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Enshrinement Day For Thomas

There was little doubt this year that there was a more appropriate person to be called a "shoe-in" for the Pro Football Hall of Fame than Thurman Thomas. The Hall of Fame voters apparently thought so too as the Bills all-time leading rusher was selected as one of the six members of the 2007 induction class.

Thomas will become the seventh member of the Buffalo Bills organization to be enshrined in Canton this evening.

"It's just an unbelievable day for me," said Thomas. "It's just a beautiful day for my wife, my kids, my mom, the Buffalo Bills organization and the fans in Buffalo. Like I've always said we didn't win a Super Bowl, but this is my Super Bowl gift to the Bills fans. Without the fans cheering us on and cheering me on this would not have been possible."

Thomas will have several former teammates on hand in Canton, the same teammates who were very quickly making calls to his mobile phone, after the announcement that he was part of the 2007 Hall of Fame class.
"I had great teammates," said Thomas. "They were a great group of guys who I went to war with every weekend. They were great friends and great people to be around."

Though Thomas' teammates are thrilled that he has been given the highest individual honor a professional football player can attain there are more than a few who felt it came a year too late.

"I think Thurman was slighted last year when he didn't get in," said former teammate Steve Tasker. "He led the league in yards from scrimmage four straight years and it had never been done before, not even by Jim Brown who had held the record with three. For certain stretches of his career not only was he the best running back in football, he was the best player at any position in football."

"He should have been a first ballot Hall of Famer last year," said Bills Hall of Fame quarterback Jim Kelly. "It really hits me now because Thurman Thomas was one of the greatest runners to ever play the game. Yeah he may not have had the Barry Sanders quickness or the Super Bowl rings like Emmitt Smith, but Thurman Thomas was amazing. In my eyes he's still a first ballot Hall of Famer."

Thomas' 13-year career was special. Currently 12th on the league's all-time rushing list (12,074), 10th in career 100-yard games (46) and eighth in total yards from scrimmage (16,532), Buffalo's most beloved running back most valuable quality was his versatility.

"He was an all-purpose back," said Kelly. "He wasn't a guy where he'd go off tackle right and off tackle left and trap right and trap left and that was it. He brought something to the table that defenses weren't prepared for and that was him coming out of the backfield or splitting him out wide right. We did some special things with him."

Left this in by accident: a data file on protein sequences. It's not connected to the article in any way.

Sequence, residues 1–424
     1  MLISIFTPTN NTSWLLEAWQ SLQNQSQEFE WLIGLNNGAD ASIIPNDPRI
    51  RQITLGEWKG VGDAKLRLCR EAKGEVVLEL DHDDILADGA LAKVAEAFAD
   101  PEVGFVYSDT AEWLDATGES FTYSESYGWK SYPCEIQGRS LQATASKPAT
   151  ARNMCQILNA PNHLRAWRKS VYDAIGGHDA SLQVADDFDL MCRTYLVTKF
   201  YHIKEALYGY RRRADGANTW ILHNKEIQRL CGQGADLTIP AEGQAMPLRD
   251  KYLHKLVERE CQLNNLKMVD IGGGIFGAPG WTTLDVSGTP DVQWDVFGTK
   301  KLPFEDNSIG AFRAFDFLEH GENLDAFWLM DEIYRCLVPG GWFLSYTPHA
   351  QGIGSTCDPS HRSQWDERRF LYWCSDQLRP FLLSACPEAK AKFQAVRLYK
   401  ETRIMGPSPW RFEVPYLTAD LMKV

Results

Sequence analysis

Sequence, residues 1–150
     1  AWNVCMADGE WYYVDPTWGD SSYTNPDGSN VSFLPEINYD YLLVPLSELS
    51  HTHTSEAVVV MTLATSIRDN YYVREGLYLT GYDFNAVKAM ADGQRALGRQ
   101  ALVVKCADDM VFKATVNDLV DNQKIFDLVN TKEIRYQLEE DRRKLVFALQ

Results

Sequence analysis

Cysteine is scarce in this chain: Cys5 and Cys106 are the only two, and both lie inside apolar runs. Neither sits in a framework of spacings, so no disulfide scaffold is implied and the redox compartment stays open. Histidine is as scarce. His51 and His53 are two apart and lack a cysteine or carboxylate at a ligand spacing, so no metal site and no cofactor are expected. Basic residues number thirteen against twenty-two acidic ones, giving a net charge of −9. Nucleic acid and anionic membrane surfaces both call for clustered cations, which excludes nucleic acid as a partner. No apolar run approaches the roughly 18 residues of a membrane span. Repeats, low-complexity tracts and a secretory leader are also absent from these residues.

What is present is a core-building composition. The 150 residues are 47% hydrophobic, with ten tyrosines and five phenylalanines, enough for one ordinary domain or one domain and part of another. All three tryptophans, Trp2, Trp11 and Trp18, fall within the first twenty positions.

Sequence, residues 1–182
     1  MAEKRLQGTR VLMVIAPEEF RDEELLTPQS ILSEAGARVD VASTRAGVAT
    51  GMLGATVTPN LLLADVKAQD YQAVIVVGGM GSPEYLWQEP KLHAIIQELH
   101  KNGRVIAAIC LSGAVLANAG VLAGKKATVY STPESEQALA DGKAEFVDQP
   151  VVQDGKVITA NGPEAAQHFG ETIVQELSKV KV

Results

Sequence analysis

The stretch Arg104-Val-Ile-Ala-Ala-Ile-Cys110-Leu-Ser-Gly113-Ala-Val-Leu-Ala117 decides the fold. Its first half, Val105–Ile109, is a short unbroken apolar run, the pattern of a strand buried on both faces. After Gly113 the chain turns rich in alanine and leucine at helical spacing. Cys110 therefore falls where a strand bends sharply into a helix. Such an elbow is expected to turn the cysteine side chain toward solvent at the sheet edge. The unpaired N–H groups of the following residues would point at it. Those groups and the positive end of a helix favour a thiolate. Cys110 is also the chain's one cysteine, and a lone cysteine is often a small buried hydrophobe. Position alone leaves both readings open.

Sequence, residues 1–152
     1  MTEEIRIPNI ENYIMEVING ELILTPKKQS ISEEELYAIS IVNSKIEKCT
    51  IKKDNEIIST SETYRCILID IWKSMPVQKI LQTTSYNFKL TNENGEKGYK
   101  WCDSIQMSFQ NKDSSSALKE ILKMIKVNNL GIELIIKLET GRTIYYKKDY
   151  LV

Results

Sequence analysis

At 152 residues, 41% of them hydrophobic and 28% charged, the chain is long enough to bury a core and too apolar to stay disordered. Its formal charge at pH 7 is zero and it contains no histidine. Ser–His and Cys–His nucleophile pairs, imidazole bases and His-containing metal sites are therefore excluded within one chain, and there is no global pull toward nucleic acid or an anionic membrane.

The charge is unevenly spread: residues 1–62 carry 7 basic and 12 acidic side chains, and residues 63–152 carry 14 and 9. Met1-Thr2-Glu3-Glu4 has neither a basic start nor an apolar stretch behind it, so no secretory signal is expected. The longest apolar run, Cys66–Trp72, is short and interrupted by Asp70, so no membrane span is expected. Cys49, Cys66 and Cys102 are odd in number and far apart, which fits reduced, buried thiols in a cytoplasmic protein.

"He was a great receiver out of the backfield," Tasker said. "He was Marshall Faulk before Marshall Faulk. He was the prototype of today's NFL running back and he started playing in the late 80's. He was a guy that was ahead of his time."

Thomas is still third in Bills franchise history in career receptions (456) and fifth in career receiving yards. But what Thomas took special pride in was blitz pickup. Always eager to deliver a blow to an oncoming pass rusher, Thomas was a big security blanket for Kelly.

"We had one running back in the backfield and this guy had to run, catch and block," said former Bills center Kent Hull. "People don't realize how much blocking he did. We sent all the receivers out a lot and he was the only guy left back there if teams brought more than five. He had to block defensive ends, linebackers, cornerbacks. Not only did he have to be an athlete and be able to do it, he had to know the system."

"Do you think I would have called all of my plays without him back there," Kelly asked rhetorically. "Are you crazy? Even though he was a little short, squatty guy it didn't matter if it was Zach Thomas or Mike Singletary coming up the middle he'd hit you right between the numbers. That's what makes a quarterback's job so much easier knowing that if there is a blitz coming that he was going to be there. He not only was tough, but he was smart. He knew every assignment and what every player did too."

Surprisingly on a team with such a strong leader at quarterback, Thomas also stepped forward at times. The only difference was his leadership often didn't reveal itself until he reached the field.

"Thurman wasn't the guy in the locker room who would stand up and say a lot, but when he got on the football field that's when his leadership came out," said Kelly. "Things he would say to offensive linemen on the sidelines and things he would say in the huddle. He'd say things on the field that would keep us going. Behind the scenes the attitude he brought to the game once he was on the football field was something not many people had a chance to see."

The only attribute of Thomas' game that matched his versatility was his passion for the game.

"When Sunday came he was all player," Kelly said. "He wanted to play, he wanted to score, he wanted to win and he wanted to celebrate."

And when Thomas is enshrined at the Pro Football Hall of Fame this evening there will be much more for him to celebrate.

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